March 18, 2016 – The Malaysian ringgit has been one of the best-performing currencies in Asia so far this year, but some analysts think the rally may be short-lived.
Year to date, the ringgit gained 5 per cent against the US dollar to trade at 4.0400 early this morning, according to data, despite the protracted scandal surrounding Prime Minister Najib Razak and state investment fund 1MDB. Only the Japanese yen and the Indonesian rupiah have clocked in stronger gains, rising 5.4 and 5.9 per cent against the greenback respectively.
However, given how the scandal has since led to tensions within the ruling UMNO party, brewing political risks may derail this upward momentum in the currency, according to analysts from the National Australia Bank (NAB).
“Political risk has increased with growing tensions seen in the ruling party (and could) potentially impact market confidence in the government’s stability,” analysts Christy Tan and Julian Wee wrote in a note released last night, referring to the latest twists and turns in Malaysian politics including ex-leader Mahathir Mohamad quitting the ruling party for the second time.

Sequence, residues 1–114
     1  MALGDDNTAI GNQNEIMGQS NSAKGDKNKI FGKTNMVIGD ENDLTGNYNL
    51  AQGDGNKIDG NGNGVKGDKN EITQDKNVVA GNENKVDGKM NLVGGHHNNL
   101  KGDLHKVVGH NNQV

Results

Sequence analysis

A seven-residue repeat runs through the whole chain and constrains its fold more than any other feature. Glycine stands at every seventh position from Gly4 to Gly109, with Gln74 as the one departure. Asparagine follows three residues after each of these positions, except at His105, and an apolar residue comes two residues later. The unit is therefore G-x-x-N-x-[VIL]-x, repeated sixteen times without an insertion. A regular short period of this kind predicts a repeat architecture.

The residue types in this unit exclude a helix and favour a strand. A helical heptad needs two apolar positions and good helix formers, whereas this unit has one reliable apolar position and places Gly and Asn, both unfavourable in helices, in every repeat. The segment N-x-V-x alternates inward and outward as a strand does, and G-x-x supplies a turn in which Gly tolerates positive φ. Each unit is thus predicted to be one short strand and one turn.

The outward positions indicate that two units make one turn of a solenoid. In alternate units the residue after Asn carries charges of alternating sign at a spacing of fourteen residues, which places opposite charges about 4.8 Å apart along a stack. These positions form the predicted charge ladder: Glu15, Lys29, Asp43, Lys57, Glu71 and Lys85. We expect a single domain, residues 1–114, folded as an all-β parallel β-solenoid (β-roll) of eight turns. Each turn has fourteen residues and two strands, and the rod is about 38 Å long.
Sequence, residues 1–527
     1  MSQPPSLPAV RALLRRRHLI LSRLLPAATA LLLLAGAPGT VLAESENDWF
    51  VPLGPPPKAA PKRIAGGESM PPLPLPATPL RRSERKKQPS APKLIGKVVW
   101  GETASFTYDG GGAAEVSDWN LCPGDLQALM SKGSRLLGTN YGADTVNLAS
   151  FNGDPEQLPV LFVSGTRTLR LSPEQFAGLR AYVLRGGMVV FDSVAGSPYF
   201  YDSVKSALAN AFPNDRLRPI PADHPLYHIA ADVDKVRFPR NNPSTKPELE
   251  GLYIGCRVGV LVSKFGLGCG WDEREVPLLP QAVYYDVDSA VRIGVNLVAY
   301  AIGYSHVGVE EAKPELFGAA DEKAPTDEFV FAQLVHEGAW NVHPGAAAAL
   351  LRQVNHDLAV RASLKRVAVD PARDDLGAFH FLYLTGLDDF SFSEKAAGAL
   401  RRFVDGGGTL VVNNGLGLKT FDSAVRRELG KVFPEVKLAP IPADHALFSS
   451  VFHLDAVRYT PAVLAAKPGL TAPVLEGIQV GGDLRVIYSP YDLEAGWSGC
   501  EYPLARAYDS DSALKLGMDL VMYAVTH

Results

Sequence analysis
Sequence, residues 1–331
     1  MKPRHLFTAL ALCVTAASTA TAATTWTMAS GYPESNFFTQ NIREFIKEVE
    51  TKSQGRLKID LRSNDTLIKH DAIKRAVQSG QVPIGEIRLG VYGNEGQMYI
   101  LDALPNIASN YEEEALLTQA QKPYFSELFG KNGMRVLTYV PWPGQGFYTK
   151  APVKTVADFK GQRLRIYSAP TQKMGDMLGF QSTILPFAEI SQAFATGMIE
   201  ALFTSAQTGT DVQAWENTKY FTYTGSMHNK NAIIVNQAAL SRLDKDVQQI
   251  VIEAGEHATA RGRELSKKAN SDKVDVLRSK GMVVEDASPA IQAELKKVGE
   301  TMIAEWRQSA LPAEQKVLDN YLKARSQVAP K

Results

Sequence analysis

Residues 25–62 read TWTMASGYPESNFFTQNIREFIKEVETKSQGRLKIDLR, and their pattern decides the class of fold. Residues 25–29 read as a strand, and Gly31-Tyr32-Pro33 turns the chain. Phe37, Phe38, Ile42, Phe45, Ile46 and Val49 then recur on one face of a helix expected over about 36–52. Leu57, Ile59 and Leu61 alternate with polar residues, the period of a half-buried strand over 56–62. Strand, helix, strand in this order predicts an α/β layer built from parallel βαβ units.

“The twin threats going forward are additional revelations from external investigations into 1MDB, and the risk of Mahathir starting a new political party that shears off a sizable portion of UMNO and puts the viability of the government under threat,” NAB analysts added.
To be sure, there are other analysts who are more sanguine.
Christopher Wong, Singapore-based senior currency strategist at Maybank, said: “We won’t be all hunky-dory to say that everything is fine on the political side of things. Political risks, be it from 1MDB or within the ruling party, have always been there, but the key thing is that markets always tend to price in (these risks) ahead.”
That is why the ringgit has slightly underperformed fellow Asian commodity currency such as the rupiah, which is not bogged down by domestic woes, Mr Wong said. The Maybank analyst expects the ringgit to strengthen to 4.1000 against the greenback by year-end
Tim Condon, chief economist at ING Financial Markets, agreed: “At this point, we have passed the worst of the political crisis. I think people are seeing that Najib has the situation under control and downgraded political-related risks.”